"This long-term community-based study found that, after eight years of follow-up, chronic daily headache in adolescents is not a protracted disorder. Even though many patients still had headache, most subjects did not have chronic daily headaches at the latest follow-up," said study author Dr. Shuu-Jiun Wang, section chief of the neurological institute at Taipei Veterans General Hospital in Taiwan.

As many as 4 percent of American adults and 1 percent to 2 percent of middle-school children experience chronic daily headaches, according to an editorial in the same issue of the journal. To be classified as a chronic daily headache sufferer, the person must have headaches more than 15 days each month for more than three months, according to background information in the study. Generally, these headaches last for more than four hours a day, and cause considerable disability.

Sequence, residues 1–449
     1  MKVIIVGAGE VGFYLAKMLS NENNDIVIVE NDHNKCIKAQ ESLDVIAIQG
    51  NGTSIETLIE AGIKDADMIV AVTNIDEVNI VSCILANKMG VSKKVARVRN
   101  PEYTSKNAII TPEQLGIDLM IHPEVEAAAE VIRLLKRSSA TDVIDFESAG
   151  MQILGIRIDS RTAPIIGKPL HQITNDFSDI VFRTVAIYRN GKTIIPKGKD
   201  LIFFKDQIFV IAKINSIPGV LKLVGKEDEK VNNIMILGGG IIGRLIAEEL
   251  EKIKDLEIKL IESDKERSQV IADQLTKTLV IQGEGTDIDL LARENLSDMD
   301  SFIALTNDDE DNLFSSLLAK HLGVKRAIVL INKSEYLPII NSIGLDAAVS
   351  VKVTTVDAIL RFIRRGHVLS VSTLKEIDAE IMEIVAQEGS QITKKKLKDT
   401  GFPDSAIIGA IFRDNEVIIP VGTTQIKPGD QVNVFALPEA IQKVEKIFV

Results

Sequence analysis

The new research included 122 Taiwanese teens between the ages of 12 and 14 at the start of the study. All reported chronic daily headaches. Nearly two-thirds experienced a tension-type headache, while the other third had chronic migraines.

At the eight-year follow-up point, 103 of the volunteers completed the study. Twenty-six were male, and the average age at the end of the study was 21.6 years old.

Just 12 percent were still having chronic daily headaches after eight years. Eighty-three percent of those still having headaches were migraine sufferers, according to the study.

Other factors associated with continuing headache included medication overuse (which can cause "rebound headaches"), an onset of headaches before the age of 13, and a duration of daily headaches that lasted longer than two years, the study said.